14 March 2010
Cycle Chic Meets The Royals
Bear with me while I'm still in México mode here on Cycle Chic. There was a slough of brilliant events and here's the tale of one of them. The exhibition Dreams on Wheels - Danish Cycling Culture for Urban Sustainability was opening in Mexico City, which was one of the reasons I was there. The exhibition is brilliantly curated by Thomas Ermacora for the Danish Ministry of Foreign Affairs. The Danish Embassy arranged for Prince Joachim and his French wife, Princess Marie to do the ribbon cutting.
The event started with a little VIP 'bike ride' with the Royal Couple, the Danish ambassador, the Mayor of México City Marcelo Ebrard, the Environment minister for the city, Martha Delgado and... um... me. Strange but true. There were another group of dignitaries behind us and about 20 secret service boys 'protecting' us. All of us on bicycles.
From the Mayor's office on Zocalo we rode down to the City Museum. The streets were closed off for the high security affair. I rode alongside Princess Marie and, about halfway along the route she asked me how far we were riding. I pointed up ahead at the waiting mob of press and smiled, saying, "not that far".
We pedalled for abou 400 metres in total. On completely deserted streets completely and utterly sanitized for 'danger' and traffic by metal railings. Which makes the fact that the five others wore helmets a serious case of overkill. Indeed, the Prince, upon arriving at his designated bicycle, saw the helmet and muttered in resignation, "I suppose we have to..." Five helmets surrounded by dignitaries and security men without, on empty streets.
Anyway, 400 metres was hardly time enough to shoot more than a few photos and a bit of film. The above photo is Princess Marie on her Biomega bicycle, looking splendid only ten months after the birth of little Prince Henrik. The Princess is French and her origins can be revealed in her 'heel on pedal' cycling style. As any Danish girl will attest, when cycling in heels you use the sole of your foot on the pedal and don't hook your heel onto the pedal. But we'll let that go. It was only 400 metres and we coasted halfway. :-)
Anyways, here are some photos taken by our photographer for the different events in the city, Kenny Viese. Me looking like a secret service-y kind of guy behind Princess Marie; the three of us rolling up to the Dreams on Wheels exhibition at the City Museum; and, in the two bottom photos, me giving the VIPs a guided tour of the exhibition.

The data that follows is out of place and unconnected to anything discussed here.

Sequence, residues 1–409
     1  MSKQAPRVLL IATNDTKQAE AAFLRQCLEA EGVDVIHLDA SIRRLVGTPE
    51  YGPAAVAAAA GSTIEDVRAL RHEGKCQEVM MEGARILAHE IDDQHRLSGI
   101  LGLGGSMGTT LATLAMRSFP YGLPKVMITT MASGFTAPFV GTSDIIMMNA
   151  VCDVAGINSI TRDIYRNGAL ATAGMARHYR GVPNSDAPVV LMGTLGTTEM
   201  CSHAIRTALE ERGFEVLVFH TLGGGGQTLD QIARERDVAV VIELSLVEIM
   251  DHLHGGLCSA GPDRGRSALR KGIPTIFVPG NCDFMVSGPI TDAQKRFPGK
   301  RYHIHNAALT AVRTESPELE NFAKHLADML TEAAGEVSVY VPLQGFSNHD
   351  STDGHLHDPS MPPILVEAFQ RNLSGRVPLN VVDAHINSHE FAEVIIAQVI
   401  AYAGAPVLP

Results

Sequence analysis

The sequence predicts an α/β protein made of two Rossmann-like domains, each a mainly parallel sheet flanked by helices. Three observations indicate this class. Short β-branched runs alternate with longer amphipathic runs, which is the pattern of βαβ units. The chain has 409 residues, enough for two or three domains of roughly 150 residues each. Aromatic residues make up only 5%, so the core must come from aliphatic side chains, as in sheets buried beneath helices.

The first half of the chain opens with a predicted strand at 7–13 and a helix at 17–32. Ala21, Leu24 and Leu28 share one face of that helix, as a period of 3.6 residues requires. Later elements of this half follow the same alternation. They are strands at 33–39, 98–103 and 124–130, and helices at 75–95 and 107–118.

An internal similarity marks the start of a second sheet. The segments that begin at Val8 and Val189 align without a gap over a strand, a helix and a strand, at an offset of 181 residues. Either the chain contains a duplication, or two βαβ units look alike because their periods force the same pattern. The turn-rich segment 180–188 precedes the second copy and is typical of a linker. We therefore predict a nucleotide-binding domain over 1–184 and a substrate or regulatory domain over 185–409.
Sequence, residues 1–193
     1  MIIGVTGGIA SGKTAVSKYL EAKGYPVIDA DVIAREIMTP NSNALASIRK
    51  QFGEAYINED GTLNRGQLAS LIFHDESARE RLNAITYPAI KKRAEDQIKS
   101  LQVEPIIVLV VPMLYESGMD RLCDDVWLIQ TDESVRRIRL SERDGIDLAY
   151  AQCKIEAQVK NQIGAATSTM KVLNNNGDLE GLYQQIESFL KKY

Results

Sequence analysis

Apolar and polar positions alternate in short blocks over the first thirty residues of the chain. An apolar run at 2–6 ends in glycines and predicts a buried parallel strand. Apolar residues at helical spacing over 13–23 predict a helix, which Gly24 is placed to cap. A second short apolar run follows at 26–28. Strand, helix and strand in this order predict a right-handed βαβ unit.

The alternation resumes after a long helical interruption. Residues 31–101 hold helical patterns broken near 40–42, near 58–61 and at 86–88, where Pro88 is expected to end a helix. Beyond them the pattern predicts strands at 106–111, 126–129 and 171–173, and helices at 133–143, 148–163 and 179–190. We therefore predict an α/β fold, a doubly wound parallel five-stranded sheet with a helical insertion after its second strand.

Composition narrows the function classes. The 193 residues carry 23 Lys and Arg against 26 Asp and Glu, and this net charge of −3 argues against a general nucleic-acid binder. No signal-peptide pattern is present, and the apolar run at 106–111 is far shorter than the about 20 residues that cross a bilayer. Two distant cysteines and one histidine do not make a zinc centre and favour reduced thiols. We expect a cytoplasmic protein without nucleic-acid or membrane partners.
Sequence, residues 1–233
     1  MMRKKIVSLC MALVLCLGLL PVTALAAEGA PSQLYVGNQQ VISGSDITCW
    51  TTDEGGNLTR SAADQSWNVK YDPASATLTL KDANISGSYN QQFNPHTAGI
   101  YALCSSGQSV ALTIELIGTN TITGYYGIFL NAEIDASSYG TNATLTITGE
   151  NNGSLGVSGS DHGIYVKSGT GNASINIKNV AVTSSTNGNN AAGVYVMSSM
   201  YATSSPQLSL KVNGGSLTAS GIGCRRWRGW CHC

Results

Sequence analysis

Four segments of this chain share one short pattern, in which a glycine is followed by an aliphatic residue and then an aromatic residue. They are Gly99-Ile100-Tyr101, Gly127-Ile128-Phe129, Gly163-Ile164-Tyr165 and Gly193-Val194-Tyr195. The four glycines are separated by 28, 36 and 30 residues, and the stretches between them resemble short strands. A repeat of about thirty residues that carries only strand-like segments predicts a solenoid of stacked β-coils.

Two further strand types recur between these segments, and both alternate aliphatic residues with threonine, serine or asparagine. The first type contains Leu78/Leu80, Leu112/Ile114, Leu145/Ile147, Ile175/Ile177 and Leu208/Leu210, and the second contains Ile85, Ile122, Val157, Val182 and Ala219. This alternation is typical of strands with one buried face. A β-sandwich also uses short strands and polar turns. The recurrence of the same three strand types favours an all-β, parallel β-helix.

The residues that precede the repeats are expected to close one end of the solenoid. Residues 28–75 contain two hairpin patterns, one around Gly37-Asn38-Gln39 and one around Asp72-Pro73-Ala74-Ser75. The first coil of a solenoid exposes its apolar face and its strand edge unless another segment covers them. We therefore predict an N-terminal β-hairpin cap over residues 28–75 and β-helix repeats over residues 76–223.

Upon arrival, there were speeches to commemorate the opening of the exhibition. I started the ball rolling, followed by Prince Joachim, Enivironment Minister Delgado and Mayor Ebrard. Then the ribbon cutting and the VIP tour of the exhibition.
All in all it was fun. You get stressed by the pomp and circumstance and the prescence of a small army of security people, but at the end of the day it was a laugh.
Here's the group of us stopped at one of three red lights on the bike ride [the streets were closed and we stopped at red lights...] and here's a photo of the charming Lord Chamberlain on the left and security guys on the right. Note the armada of cars, including an ambulance, following us.
All in all it was an interesting, fun and good day for Mexican and Danish cycling culture and for Cycle Chic/Copenhagenize.
Here's a little bitsy film about the whole shebang:
Here's my brief speech to launch the opening of the exhibition:
Your Royal Highnesses, Mr. Ebrard, Mrs Delgado, Ladies and Gentlemen.
Welcome to Dreams on Wheels – Danish Cycling Culture for Urban Sustainability. The exhibition has been shown in 18 cities in 14 countries, with many more scheduled this year. We are pleased that it has arrived in Mexico City.
About 130 years ago a machine was invented. It has been called the most efficient machine in history. Poems, songs and books have been written about it. It transformed the face of human society within years of its invention. Liberating the working classes. Liberating women.
The humble bicycle.
Personally, I was pleased when I heard that the Danish Foreign Ministry had chosen the bicycle for this exhibition and for a symbol of Denmark. The bicycle is human. It is right there on the streets carrying Citizen Cyclists from A to B. It is the lead instrument in a human-powered symphony of movement. The soundtrack of a truly liveable city.
The bicycle is a symbol of Denmark and Copenhagen and it's become a symbol of sustainability everywhere. It is people who inhabit our cities and towns. People that form the fabric of life. The bicycle is a fantastic tool for making our cities simply nicer places to live. We're proud to show you what we have achieved in Denmark. It is our hope to inspire.
Thank you to all of our sponsors who have made this exhibition possible. Thank you to the City of Mexico City for inviting us and providing this amazing venue. Enjoy the exhibition.
For more info about Dreams on Wheels.
And the Dreams on Wheels Mexico website.
I'll shut up now.